So, where are these meetings to take place then? The meetings of the local ekklesia - the general meeting, the Bible study meeting, the prayer meeting and the bread-breaking meeting - are to take place in the homes of the elders and leaders of the body of Christ. The message meetings - whether apostolic or evangelistic - are to be conducted wherever is appropriate. In a theater, in homes, in lecture halls, on top of hills where philosophers gather - it doesn't matter. Wherever the saints or the non-believers are gathered is an appropriate place for a message meeting.
But when the message meeting becomes the normal fare of the people, deception has crept in. The local ekklesia requires the other types of meetings to be healthy. And they must be freed from the deceptive constraints of the "pastoral" system, the "church" building and denominational divisiveness if they are to enter into the reality of ekklesia meetings. The ekklesia cannot fully express the corporate Christ if they must answer to some "pastor"-despot. They cannot fully express the corporate Christ while submitting to the deceptions of "church" building architecture - from the row of pews which demand their silence to the pointed roof which speaks of an unreachable God who lives far away, "church" architecture incorporates many false teachings into the very structure of the building. The ekklesia cannot fully express the corporate Christ when those who do not agree with every point and sub-point of a list of creeds and doctrines are pushed out the doors.
The local body of believers must meet in their diversity of gifts, submitting to true elders so that the process of becoming one body is maintained. Paul wrote to the Corinthians, "Now I plead with you, brethren, by the name of our Lord Jesus Christ, that you all speak the same thing, and that there be no divisions among you, but that you be perfectly joined together in the same mind and in the same judgment." ( 1 Cor. 1:10; top ) How is this to be accomplished? Do we take the Catholic creeds and memorize and adhere to them? Or the Lutheran creeds? How about the non-denominational "distinctives"? No!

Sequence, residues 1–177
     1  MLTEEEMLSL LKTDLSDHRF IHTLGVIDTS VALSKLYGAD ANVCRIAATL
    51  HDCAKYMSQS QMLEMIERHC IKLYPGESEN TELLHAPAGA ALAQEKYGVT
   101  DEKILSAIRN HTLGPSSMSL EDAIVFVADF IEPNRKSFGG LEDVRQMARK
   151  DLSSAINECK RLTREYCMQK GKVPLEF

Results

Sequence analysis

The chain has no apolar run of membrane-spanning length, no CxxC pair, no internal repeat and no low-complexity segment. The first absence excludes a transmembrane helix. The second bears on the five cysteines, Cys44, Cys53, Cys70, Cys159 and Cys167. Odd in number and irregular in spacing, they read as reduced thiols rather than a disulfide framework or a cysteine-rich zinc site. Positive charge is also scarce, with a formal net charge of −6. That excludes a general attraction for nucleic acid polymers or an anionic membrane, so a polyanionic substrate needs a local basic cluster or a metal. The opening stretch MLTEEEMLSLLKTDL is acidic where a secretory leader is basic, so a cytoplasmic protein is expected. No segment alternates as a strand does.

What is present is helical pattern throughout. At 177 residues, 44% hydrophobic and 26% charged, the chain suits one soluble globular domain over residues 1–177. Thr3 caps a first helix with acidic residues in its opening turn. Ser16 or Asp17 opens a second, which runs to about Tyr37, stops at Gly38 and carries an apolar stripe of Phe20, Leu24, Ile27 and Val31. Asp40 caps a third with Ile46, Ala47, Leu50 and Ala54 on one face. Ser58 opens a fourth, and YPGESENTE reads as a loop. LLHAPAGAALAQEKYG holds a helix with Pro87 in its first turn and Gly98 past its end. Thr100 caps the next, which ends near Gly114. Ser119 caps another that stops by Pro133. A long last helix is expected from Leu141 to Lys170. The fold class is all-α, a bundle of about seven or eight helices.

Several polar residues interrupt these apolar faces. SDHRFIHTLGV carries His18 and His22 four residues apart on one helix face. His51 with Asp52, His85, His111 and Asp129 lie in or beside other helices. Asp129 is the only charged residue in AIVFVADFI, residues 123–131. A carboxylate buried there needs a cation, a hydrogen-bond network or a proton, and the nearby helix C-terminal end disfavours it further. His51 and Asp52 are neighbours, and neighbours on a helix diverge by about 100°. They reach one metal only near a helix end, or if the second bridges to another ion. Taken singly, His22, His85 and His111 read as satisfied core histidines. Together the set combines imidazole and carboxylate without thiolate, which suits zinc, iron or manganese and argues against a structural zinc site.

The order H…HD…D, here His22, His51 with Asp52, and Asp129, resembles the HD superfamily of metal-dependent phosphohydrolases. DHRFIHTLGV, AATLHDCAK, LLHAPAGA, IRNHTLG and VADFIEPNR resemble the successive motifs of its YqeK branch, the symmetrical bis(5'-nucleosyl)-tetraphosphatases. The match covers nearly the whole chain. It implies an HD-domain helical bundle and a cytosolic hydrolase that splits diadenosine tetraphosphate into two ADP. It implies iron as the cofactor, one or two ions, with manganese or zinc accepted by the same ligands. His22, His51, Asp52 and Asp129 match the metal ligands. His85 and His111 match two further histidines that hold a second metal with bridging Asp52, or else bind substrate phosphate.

The only way we can ever hope to come to a place where there are no divisions among us, where we are perfectly joined together in the same mind and judgment is when we have the mind of Christ. Only when we set aside our own agenda and understanding and receive His agenda and Spirit of understanding can we ever hope to be in the unity of the Spirit. And we keep the unity of the Spirit through the bonds of peace. ( Eph. 4:3; top ) Whenever we meet a brother or sister with a different view, we receive them as a brother or sister in process. And when the time comes, the Lord will reveal which one (if either) held the proper view of the matter. But until such time, true servants of Christ are not to quarrel over disputable matters.
This is not to say that there are not blatant truths and doctrines which must be upheld. Indeed, there are. Errant brothers and sisters are to be instructed and corrected as the Lord leads. But until the Lord leads, we are to bear one another's faults humbly, knowing that the list of our own faults is no short document. But we must never forget that there is a vast difference between forbearing with one another until Christ is formed in us and merely tolerating one another's sins and lawlessness.
The "church" is a systematic assault on the ability of the body of Christ to lovingly interact with one another. As such, it can only be viewed as a worldly system that is at enmity with God. Anyone who chooses to be a friend of any system of the world simultaneously chooses to be God's enemy. Those who try to be on both sides of a war are most often the first casualties. We must choose, this day, whom we will serve.
As for me and my house, we will serve the Lord. And we will reject all notions and practices of a divisive "church" that inhibits the abilities of the body of Christ to love and serve one another according to the will and purposes of Christ Jesus, the Head of the body.